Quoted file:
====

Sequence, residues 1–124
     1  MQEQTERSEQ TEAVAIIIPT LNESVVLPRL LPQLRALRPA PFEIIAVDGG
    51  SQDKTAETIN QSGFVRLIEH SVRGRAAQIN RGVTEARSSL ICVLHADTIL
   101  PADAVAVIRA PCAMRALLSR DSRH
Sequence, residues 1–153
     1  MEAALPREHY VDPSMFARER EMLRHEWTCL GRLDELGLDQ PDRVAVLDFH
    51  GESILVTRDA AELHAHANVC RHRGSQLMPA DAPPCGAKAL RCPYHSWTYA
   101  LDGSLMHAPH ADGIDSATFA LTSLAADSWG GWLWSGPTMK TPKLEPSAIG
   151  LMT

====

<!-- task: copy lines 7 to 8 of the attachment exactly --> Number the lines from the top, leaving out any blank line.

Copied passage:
    51  GESILVTRDA AELHAHANVC RHRGSQLMPA DAPPCGAKAL RCPYHSWTYA
   101  LDGSLMHAPH ADGIDSATFA LTSLAADSWG GWLWSGPTMK TPKLEPSAIG